Troy Camplin has been busy doing a Hazlitt-job on Keynes here and here. He's focused mainly on the savings/investment issue. Now Keynes famously detested savings while simultaneously praising investment, even though Keynes himself defines them as the same thing in his GT. Now, after all my years of macro, I've discovered something that is missing from national income accounting that makes it abundantly clear investment and savings are not the same. So, I'm jumping on board this train (briefly) to make this correction, then it's back to micro and liberty!
First, let's do the "expenditure" side of national income (GDP or GNP) that we can call Y. I'm going to assume we are dealing with a large closed economy (i.e. the world). First we have households, then businesses, then government. So Y = H+B+G. H gets subdivided into consumption (C) and saving (S), but here I want to add a third element: change in cash balances (R). Before, S would have included R. But now, I want to be explicit in saying S are money flows, directly or through intermediaries, to borrowers. A finance person would call "S" a change to a person's investment portfolio (buying stocks, say). R now is the addition to cash balances that are not to be lent out. One could understand this as a bank's reserve requirement, if all S is held in the bank. R isn't small - it's 10% of bank deposits.
So now we have Y = C+S+R+B+G.
Let's subdivide B now. Business expenditure comes in the form of inventory purchases, wages, and capital expenditure. To avoid double counting, we focus on just the part we call investment (I), which (for Keynes) included fixed capital, working capital, and liquid capital. I'm going to subdivide I into capital expenditure (fixed + working, although working is a stretch) and money balances (liquid capital). Money balances aren't usually large for businesses, but they certainly are these days, and have been for a few years now. So call liquid capital L.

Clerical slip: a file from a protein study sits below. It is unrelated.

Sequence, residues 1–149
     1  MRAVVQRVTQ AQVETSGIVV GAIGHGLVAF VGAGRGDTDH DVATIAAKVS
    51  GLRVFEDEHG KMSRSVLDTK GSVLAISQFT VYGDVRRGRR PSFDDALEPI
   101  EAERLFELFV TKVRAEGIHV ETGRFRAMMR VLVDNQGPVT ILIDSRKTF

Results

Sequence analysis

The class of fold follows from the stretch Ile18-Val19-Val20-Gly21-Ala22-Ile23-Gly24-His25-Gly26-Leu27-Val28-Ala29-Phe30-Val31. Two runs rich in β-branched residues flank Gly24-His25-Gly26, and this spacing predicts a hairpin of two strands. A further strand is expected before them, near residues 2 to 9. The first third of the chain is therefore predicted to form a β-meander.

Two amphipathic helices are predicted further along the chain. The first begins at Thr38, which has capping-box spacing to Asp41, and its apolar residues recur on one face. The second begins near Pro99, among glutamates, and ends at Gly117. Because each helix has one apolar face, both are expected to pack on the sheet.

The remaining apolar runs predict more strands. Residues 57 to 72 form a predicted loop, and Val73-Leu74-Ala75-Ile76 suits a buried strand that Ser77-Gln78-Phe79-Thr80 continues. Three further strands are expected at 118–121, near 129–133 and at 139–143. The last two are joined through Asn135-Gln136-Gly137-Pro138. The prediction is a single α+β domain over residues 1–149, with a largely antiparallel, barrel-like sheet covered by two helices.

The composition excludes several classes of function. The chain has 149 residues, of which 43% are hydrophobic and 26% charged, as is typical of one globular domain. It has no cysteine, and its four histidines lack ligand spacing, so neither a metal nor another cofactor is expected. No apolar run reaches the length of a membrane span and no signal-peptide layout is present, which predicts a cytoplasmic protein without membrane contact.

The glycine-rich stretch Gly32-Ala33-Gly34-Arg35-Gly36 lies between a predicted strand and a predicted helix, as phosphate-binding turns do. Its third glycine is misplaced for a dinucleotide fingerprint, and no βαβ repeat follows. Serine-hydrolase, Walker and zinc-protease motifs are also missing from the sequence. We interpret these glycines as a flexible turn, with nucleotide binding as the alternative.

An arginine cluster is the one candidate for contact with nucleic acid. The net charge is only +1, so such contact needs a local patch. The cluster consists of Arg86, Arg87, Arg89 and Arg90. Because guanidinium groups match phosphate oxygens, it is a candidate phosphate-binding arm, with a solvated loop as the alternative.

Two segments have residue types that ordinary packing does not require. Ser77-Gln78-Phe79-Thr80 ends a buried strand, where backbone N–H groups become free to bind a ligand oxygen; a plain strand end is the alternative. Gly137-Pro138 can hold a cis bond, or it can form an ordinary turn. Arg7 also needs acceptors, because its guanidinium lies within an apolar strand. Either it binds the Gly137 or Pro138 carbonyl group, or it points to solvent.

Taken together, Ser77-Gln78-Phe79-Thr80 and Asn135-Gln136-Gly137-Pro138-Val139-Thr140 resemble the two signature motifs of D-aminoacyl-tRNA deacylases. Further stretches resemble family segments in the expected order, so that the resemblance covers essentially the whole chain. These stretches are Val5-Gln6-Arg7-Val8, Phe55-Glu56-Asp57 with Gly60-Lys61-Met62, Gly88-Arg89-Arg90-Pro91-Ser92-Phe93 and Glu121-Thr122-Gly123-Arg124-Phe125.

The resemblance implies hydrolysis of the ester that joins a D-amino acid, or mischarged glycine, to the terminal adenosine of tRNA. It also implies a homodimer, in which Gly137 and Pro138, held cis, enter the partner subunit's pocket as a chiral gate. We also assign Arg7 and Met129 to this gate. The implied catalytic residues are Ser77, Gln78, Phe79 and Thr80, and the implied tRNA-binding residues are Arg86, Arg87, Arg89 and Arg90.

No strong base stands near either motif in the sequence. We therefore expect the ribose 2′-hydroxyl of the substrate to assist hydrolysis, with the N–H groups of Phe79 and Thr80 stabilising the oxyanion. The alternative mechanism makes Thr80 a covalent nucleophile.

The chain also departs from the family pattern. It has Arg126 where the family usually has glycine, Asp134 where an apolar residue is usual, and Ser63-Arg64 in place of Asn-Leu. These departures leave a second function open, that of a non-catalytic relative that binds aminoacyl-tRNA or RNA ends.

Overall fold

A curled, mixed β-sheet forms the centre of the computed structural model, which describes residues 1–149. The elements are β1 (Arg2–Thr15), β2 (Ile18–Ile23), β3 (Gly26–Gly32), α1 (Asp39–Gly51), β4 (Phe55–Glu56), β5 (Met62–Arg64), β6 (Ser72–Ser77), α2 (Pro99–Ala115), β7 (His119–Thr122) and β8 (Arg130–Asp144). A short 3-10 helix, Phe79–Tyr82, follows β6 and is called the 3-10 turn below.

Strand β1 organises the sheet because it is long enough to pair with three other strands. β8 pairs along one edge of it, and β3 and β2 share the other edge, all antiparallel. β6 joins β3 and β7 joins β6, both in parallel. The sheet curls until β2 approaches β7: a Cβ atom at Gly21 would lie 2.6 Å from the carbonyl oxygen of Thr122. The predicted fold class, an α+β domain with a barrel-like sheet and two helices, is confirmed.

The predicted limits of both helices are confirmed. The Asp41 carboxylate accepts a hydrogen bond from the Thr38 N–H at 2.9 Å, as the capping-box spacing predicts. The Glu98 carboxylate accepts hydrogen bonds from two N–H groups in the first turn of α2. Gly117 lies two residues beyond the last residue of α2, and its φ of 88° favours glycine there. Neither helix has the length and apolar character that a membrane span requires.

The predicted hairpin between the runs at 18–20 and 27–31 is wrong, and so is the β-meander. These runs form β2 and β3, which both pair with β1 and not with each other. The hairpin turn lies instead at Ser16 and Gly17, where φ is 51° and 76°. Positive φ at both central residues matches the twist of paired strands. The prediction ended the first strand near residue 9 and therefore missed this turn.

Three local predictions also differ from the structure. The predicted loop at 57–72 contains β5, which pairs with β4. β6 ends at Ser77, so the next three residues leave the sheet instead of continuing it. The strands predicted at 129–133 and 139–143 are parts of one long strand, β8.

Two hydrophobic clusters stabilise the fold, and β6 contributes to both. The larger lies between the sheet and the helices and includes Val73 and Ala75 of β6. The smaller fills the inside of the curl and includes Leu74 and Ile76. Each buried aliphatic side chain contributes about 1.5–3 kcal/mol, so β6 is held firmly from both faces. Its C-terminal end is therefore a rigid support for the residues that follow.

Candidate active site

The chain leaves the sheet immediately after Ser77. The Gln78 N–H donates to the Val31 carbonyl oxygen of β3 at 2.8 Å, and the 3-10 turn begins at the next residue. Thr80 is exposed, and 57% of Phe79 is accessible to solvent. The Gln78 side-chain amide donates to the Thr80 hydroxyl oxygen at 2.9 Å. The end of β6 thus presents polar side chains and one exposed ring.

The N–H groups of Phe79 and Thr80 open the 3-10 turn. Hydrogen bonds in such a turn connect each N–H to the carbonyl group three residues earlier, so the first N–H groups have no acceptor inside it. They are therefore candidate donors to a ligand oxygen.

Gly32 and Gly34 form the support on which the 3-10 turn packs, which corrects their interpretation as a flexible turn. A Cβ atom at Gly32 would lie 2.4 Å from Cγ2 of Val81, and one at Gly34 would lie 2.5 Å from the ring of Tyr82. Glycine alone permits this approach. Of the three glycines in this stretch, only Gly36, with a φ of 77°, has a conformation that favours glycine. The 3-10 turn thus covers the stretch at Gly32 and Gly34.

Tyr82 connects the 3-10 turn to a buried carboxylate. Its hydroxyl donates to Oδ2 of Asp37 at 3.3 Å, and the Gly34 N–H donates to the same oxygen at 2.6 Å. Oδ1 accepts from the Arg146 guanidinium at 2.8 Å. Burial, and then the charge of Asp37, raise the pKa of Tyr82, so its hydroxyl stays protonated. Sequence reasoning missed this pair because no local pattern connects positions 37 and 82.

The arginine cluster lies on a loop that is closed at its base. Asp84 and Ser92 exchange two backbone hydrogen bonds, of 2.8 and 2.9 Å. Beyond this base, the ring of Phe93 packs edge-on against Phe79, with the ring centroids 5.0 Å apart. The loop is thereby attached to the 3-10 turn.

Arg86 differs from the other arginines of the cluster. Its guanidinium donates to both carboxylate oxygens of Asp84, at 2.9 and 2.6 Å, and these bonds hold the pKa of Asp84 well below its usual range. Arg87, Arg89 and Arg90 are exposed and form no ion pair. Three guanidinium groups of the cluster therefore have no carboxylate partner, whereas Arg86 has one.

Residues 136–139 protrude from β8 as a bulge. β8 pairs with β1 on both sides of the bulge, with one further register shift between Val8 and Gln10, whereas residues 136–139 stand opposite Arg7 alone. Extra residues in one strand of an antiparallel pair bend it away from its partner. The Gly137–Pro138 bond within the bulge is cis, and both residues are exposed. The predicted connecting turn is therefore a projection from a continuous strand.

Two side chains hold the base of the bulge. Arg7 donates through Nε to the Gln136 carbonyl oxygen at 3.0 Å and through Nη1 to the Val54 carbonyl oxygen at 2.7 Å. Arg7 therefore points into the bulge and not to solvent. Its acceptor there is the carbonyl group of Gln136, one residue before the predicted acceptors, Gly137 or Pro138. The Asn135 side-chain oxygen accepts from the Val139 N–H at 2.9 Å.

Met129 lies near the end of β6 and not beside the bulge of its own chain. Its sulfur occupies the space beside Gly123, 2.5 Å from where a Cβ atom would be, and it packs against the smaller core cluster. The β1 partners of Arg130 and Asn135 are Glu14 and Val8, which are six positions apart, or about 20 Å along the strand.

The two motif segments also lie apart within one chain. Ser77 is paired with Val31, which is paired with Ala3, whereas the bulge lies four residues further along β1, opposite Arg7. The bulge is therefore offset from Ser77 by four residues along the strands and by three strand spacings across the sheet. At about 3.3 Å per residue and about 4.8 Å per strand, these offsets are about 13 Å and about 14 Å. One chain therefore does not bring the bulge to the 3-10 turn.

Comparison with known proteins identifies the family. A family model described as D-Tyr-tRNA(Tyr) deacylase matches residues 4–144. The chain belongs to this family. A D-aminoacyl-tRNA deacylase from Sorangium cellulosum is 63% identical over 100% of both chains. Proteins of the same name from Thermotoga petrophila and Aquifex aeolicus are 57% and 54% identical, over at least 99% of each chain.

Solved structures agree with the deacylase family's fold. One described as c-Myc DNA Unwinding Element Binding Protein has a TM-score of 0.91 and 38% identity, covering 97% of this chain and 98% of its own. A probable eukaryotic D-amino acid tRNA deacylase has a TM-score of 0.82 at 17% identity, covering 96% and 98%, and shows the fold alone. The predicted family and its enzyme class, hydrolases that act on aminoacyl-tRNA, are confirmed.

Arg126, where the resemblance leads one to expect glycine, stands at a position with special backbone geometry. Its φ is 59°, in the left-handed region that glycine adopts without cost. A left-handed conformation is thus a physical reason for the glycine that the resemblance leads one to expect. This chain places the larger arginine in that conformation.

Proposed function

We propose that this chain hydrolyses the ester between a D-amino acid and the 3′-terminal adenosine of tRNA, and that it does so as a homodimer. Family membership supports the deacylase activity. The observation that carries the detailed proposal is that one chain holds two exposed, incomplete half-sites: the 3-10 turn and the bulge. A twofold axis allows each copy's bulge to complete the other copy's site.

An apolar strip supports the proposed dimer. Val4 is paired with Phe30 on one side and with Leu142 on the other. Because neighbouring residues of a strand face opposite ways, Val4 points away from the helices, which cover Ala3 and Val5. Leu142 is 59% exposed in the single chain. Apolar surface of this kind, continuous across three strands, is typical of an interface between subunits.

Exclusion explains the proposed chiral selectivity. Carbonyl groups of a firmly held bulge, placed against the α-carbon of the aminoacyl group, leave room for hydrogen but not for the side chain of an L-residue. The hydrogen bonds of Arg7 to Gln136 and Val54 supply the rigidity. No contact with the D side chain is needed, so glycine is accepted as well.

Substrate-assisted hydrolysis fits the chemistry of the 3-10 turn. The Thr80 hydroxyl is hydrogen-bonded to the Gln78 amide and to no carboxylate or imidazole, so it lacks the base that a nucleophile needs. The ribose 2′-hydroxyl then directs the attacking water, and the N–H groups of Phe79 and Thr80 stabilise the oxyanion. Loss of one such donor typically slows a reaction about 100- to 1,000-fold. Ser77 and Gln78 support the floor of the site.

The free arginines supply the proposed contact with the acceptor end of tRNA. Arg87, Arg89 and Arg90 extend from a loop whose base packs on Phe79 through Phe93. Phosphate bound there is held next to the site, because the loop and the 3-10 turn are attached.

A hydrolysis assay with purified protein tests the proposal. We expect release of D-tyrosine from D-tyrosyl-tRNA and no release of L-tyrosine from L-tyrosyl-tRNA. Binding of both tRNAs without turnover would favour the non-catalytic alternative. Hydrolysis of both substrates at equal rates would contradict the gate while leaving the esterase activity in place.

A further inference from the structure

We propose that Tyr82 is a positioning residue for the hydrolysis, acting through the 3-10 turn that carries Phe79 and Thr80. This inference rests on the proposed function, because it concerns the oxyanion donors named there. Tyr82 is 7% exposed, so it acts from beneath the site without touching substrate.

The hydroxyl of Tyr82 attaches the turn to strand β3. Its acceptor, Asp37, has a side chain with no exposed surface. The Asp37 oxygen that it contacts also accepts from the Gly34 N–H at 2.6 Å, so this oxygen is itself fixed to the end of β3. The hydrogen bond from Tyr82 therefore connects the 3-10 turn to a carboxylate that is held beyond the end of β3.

Now we have Y = C+S+R+I+L+G.
I don't have any plans to rehab G, so we can move to the income side. National income is still Y, but the right-hand-side changes. Household income is made up of wages (W) and returns on savings (Dh). Business income is made up of profit (P) and returns on savings (Db). Government income is taxes (T).
Y = W+Dh+P+Db+T
Equating the two sides gives: W+Dh+P+Db+T = C+S+R+I+L+G. Looks icky. Can this be cleaned up a bit? Why, yes it can! The way S&I have been defined, is that they are equal (now). Therefore, including both in the right-hand-side leads to double counting. So let's take away I.
W+Dh+P+Db+T = C+S+R+L+G.
Now let's group by by type.
Household: W+Dh = C+S+R
Note that W and Dh are after taxes.
Business: P +Db = L
Note that P for businesses is after taxes and payments to investors (Dh).
Government: T = G
It might seem strange that business doesn't have an investment expenditure anymore. Essentially what I am saying here is that the household ultimately makes the investment expenditure, but uses the business to do so on their behalf. Households, then, are the real capitalists.